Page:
The Hoover Dam is an awe-inspiring site. It is impossibly large, surprisingly beautiful, and impeccably built over just five years in the 1930s. The dam is a worth-while place to visit all on its own, but it also happens to be home to a perfectly preserved example of a 1930’s era visitor’s center presentation.
Today, the compulsory tour package includes a short film loaded with smooth graphics, and a visit to an exhibit full of sometimes interesting but often silly digital interactive displays and games. The tour of the facility and the observation deck are great, and likely have changed very little in the last 80 years, but the visitor’s center certainly has.
Happily, the Old Exhibit building (originally used as a headquarters for soldiers protecting the dam during World War II) has been preserved and recently restored. To the right of the stunning “Winged Figures of the Republic” statues, this simple building is oft passed over by hot and tired tourists, unaware of the charming (and air-conditioned) display within.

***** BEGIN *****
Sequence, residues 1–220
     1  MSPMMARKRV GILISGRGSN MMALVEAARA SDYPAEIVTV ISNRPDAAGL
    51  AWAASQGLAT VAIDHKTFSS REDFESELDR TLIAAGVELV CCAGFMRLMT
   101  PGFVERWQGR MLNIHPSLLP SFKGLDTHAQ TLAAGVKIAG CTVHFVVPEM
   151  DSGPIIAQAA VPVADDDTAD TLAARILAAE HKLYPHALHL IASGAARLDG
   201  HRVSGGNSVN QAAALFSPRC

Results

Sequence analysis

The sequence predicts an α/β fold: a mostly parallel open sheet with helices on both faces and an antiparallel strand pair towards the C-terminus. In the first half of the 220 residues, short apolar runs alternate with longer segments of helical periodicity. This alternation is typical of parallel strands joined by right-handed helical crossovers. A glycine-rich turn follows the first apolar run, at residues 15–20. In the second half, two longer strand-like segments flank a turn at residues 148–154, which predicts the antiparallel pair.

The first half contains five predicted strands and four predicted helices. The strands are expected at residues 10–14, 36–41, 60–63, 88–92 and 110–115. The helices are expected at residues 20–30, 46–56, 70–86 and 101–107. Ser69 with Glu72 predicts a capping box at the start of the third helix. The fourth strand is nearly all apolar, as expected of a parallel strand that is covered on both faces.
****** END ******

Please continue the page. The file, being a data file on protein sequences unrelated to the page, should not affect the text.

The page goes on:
Through the lobby, a small interior room is packed with old wooden theater seats arranged stadium style, and directed at a huge topographical map model of a number of southwestern states. Major cities, geological spots, and various dams and reservoirs along the Colorado are meticulously labeled, and places like the Grand Canyon or the Valley of Fire are lovingly depicted in the diorama.
The overheads dim, and the map lights up. A rather dry but pleasant voice-over pipes through the speakers, and proceeds to tell about all of the places that the Hoover Dam has benefited, the map lighting up each place as it is mentioned. Our guide also goes into great detail on every major dam in the area, making this a special treat for dam nerds.
Know Before You Go
If you continue walking toward Lake Mead from the Winged Figures plaza, around the corner, you will see the Old Exhibit Building.